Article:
We also experimented with rendering the tiles in another process, so that scrolling would never be blocked by loading or painting, but with the downside than when there is no tile painted, a checkerboard pattern would be shown, very similarly to the iPhone. Getting this right is a lot of work and with the announcement of WebKit2, we decided to postpone it for now and later concentrate on WebKit2 instead, as that will bring similar benefits, a.o.

Tiling helps with the mobile interaction model, as it is quite fast to zoom. Zooming basically scaled the tiles and then re-renders, which can be done with a smooth animation. Unfortunately, just as on the iPhone, we cannot support fixed elements, so if page authors really need that, they will have to go for CSS3 Transformations which with accelerated compositing will be painted as another layer on top of the tiles.

Which brings me to the next feature: accelerated compositing. Some of the new CSS3 features such as animation and transformations were created with hardware acceleration in mind, for instance the CSS 3 transformation live in another coordinate system, and thus animating a transformation change does not change any DOM values such as for instance 'left'. The idea is that the elements being transformed are painted as a separate layer, composited on top of the normal web contents. On the iPhone, this is implemented using CoreAnimation, I believe, and is thus, tied to hardware support. For Qt, we implemented it on top of out Graphics View system, which means that even when the Graphics System is not being accelerated by hardware, we will archive better performance due to caching of the painted elements. Pretty cool stuff. Unfortunately, just as with tiling, it is only possible to take advantage of this new feature if you use the QGraphicsWebView and not the older brother, QWebView.

You can imagine that most web sites were written for a width a lot larger than what you find on most phones, so either you can show the page in its original size and you will have to scroll a lot, or you can zoom it out to fit within the width of the page. The latter makes it impossible to read the text, so instead of laying out to the size of the width, we have new API (actually originally introduced in Qt 4.6) that makes it possible to lay out the contents as it was having a different viewport. The iPhone and Android does the same, using a value between 800 and 1008 pixels (980 is always default on the iPhone, where as Android varies). Laying out with such a width makes the site's contents still readable most of the time, without breaking the layout. To give the page authors a bit more control over this, Apple introduced a meta tag called "viewport", which is now supported by most mobile browsers, including Mozilla Fennec. This tag allows the site author to specify which width should be used for laying out the contents as well as which zoom factor should be used, and within which limits.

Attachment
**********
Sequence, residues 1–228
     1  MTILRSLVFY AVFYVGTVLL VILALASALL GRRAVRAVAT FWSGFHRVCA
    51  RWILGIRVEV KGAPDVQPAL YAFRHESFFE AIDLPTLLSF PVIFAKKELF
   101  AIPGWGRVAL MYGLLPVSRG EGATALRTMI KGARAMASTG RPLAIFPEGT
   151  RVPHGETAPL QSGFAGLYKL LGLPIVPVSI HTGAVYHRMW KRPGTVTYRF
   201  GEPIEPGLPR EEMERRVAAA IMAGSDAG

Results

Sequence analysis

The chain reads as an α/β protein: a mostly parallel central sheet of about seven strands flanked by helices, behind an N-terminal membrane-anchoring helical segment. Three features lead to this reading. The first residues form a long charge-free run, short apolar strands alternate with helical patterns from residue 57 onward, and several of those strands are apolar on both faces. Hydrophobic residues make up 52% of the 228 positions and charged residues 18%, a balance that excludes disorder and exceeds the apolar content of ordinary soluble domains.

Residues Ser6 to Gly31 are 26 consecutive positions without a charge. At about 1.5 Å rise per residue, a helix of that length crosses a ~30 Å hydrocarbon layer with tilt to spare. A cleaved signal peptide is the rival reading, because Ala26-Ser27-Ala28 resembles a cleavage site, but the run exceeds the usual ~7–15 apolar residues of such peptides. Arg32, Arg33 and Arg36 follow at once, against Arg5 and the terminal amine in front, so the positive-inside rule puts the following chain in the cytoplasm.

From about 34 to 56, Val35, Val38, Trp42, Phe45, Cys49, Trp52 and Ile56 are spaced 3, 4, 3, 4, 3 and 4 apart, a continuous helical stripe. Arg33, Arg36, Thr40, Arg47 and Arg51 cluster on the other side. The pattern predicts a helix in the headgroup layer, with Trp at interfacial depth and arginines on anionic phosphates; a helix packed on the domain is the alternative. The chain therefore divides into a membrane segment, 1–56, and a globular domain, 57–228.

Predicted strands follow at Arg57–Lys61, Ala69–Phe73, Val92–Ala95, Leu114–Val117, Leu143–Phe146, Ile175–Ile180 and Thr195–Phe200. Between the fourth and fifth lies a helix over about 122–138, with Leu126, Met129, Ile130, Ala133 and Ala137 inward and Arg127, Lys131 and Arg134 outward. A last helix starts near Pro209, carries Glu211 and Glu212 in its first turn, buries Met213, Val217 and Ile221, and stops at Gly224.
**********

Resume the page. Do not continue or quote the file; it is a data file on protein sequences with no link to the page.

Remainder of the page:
As touch is becoming standard on cell phones, we also had to make a few other adaptations. For instance sites with frame sets are mostly useless due to various scrolling sub elements; the same count for sites with iframes. What most mobile browsers do to fix this, is to apply frame flattening, which we now also supports/ Originally a feature invented by Nokia, but first really being put to good use on the iPhone and on Android.

We didn't leave out non-touch phones either, and as such implemented spatial navigation (aka. keyboard navigation), which is not only useful for cellphones with keyboard only, but also by tv's and set-top boxes.

Not everything has been related to mobile though, and as such our teams have been working on implementing new HTML5 elements such as the Progress element and concentrating on some CSS features and DOM features, such as DOM Level 3 CustomEvents, 'view-mode' Media Feature, as well as some features from CSSOM Views making it possible to listen to media and media feature changes; very useful for creating Web applications.

Wow, it has been a loooong half year it seems! Now time to prepare for our local release parties! :-)

Monday, March 15, 2010

Bossa Conference